Tony Snow's evolutionary falsehoods ... [Media Matters]
In his August 12 nationally syndicated column, Fox News host Tony Snow equated evolutionary theory to "intelligent design" (commonly referred to as ID), claiming that "[e]volutionary theory, like ID, isn't verifiable or testable. It's pure hypothesis." Specifically, he falsely asserted that no fossil evidence exists in support of evolutionary theory. In fact, there is significant support for evolutionary theory in the fossil record, just one of many pillars of evidence supporting evolutionary theory.
The theory of evolution maintains that increased complexity among organisms (the development of species) occurs through random genetic mutation and that organisms with characteristics best suited to their environment thrive -- the result of a process known as "natural selection." Conversely, "intelligent design" maintains that life on earth is far too complex to have arisen solely as a function of random genetic mutation and was instead designed by a supernatural "intelligence."
In his column, Snow claimed that "evolutionary theorists find themselves at wits' end because the fossil record provides no evidence of any species ever turning into another." In writing this, Snow invoked the idea of a "missing link" -- an organism whose features clearly demonstrate a transition from one species to another. This claim is false, however, and misstates the current understanding of evolutionary theory. Alan D. Gishlick, a post-doctoral scholar at the National Center for Science Education, wrote that " 'missing link' is an outdated term that does not accurately reflect the way biologists and paleontologists think about fossils."
Instead, Gishlick maintains, evolutionary scientists search for fossilized organisms with "transitional features," such as the archaeopteryx. A creature of the Jurassic period (150 million years BCE), Archaeopteryx lithographica possessed both avian and dinosaurian features. Like most dinosaurs, it had teeth, a flat sternum, and a bony tail; but it also had feathered wings and a furcula (wishbone) -- characteristics common to most birds. Of the few archaeopteryx fossils unearthed, the most complete and visually striking example is housed in Berlin's Humboldt Museum. Archaeopteryx is not a "missing link," nor can one conclusively assert that it is the ancestor of modern birds. It does, however, provide strong evidence that modern birds evolved from dinosaurs or reptiles.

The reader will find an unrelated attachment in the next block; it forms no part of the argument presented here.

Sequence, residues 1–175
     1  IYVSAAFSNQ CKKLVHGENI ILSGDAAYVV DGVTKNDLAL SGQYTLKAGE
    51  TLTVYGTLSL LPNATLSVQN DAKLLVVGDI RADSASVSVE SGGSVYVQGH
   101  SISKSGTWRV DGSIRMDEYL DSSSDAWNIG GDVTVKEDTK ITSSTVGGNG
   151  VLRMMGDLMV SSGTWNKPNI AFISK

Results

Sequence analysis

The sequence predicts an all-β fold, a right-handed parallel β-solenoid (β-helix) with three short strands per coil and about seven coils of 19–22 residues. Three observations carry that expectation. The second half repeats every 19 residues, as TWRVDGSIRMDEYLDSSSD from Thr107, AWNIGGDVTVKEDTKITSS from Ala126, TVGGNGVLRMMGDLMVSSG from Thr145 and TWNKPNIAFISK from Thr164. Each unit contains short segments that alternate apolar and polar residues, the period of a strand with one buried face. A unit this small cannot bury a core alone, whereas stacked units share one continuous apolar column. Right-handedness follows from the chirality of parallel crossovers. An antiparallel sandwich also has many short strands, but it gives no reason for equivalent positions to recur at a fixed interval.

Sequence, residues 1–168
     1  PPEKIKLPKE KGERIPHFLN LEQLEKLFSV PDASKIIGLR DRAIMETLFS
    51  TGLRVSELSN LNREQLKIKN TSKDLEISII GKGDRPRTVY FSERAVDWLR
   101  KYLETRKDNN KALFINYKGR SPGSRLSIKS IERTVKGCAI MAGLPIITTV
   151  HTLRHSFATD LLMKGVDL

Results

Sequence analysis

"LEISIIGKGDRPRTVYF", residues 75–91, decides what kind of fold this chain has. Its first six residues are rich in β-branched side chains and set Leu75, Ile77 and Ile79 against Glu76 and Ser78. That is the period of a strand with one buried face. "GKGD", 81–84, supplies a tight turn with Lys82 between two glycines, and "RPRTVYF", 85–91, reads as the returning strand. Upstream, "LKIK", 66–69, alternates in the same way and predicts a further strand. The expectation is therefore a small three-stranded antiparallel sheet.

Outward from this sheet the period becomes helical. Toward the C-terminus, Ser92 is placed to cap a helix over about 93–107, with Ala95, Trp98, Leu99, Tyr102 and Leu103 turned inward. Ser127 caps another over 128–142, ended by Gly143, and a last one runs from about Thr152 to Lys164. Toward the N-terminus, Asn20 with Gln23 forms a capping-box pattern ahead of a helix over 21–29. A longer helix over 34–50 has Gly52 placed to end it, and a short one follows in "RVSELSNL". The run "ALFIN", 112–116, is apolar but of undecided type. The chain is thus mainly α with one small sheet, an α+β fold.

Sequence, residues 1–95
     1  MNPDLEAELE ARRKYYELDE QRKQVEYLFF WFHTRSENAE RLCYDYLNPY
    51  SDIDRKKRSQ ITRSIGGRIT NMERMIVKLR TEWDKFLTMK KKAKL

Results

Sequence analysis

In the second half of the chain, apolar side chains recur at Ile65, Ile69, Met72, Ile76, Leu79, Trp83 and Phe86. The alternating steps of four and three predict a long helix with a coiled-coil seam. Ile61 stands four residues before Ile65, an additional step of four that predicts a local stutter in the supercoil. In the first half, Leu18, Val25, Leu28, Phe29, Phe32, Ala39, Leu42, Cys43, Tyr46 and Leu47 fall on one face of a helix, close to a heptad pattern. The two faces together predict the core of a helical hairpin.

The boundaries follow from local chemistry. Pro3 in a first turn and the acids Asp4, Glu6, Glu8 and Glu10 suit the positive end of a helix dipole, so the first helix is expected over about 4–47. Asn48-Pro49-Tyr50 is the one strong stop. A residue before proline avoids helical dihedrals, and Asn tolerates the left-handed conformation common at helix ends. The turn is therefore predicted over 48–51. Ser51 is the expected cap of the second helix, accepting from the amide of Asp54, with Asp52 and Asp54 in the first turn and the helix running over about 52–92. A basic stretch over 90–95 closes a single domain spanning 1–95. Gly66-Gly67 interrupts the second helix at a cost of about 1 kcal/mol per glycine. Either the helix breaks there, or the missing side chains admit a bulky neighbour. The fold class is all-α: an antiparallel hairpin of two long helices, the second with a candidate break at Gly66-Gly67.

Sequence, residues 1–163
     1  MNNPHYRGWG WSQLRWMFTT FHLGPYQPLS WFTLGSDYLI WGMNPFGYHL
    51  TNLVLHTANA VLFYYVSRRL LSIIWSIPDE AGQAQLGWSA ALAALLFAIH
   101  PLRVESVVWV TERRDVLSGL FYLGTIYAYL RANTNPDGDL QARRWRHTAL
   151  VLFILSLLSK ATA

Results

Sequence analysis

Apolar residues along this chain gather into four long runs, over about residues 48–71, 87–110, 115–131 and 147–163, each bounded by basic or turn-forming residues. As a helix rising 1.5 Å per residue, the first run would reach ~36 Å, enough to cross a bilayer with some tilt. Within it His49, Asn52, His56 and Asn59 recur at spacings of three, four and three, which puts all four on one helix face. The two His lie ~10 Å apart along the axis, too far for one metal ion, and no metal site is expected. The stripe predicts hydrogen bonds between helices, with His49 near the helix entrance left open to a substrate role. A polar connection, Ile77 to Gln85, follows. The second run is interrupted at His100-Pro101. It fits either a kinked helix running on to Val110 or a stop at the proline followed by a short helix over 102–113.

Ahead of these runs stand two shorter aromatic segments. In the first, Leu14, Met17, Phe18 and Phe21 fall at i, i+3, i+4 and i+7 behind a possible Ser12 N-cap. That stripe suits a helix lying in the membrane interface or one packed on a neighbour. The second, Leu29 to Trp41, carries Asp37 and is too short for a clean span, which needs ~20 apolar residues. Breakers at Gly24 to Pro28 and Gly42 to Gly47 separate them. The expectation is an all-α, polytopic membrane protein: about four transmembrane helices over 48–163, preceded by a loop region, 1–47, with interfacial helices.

Another famous example of a fossil with transitional features is "Lucy," the name given to the partial skeletal remains of a 3.2 million-year-old hominid found in Ethiopia in 1974. Classified Australopithecus afarensis, "Lucy" and her species were ape-like but were also determined to be bipedal -- a human characteristic. This finding was bolstered by the discovery of 3.6 million-year-old fossilized footprints of a bipedal hominid in Tanzania in 1976. Known as the Laetoli footprints, they are far more similar to the footprints of modern humans than they are to those of apes. Again, while not a "missing link," "Lucy" and her ilk strongly indicate that humans are descended from apes.
Nevertheless, Snow went on to write: "Evolutionary theory, like ID, isn't verifiable or testable. It's pure hypothesis -- like ID -- although very popular in the scientific community. Its limits help illuminate the fact that hypotheses are only as durable as the evidence that supports them." In claiming that evolutionary theory is little more than a hypothesis, Snow is misusing scientific terms. Commonly used, "theory" can mean uninformed speculation or guesswork. Used scientifically, it means "a plausible or scientifically acceptable general principle or body of principles offered to explain phenomena," according to Merriam-Webster's online dictionary. The scientific method maintains that a hypothesis is a tentative explanation for patterns observed in collected data. A hypothesis becomes a theory after extensive testing and rigorous scrutiny.
Evolution is considered an established scientific theory because of the preponderance of evidence supporting it. Snow wrote that "hypotheses are only as durable as the evidence that supports them." Aside from the fossil record discussed above, which many scientists consider the most compelling support of evolutionary theory, there is additional evidence as well. A well-known example of evolution and natural selection in action is that of Darwin's finches. When naturalist Charles Darwin landed on the Galapagos Islands in 1835, he observed a variety of small finches that were similar in appearance, except for the shapes of their beaks. Each species of finch -- descendents of a common ancestor -- had adapted to their particular niche and developed a beak suited to their diet.
Science and Creationism, a book published by the National Academy of Sciences (NAS), documents more evidence in support of evolution -- such as physical and embryonic similarities among seemingly divergent species. The NAS also refutes Snow's assertion that evolutionary theory "isn't verifiable or testable." According to Science and Creationism:
Evolutionary theory explains that biological diversity results from the descendants of local or migrant predecessors becoming adapted to their diverse environments. This explanation can be tested by examining present species and local fossils to see whether they have similar structures, which would indicate how one is derived from the other. Also, there should be evidence that species without an established local ancestry had migrated into the locality. Wherever such tests have been carried out, these conditions have been confirmed.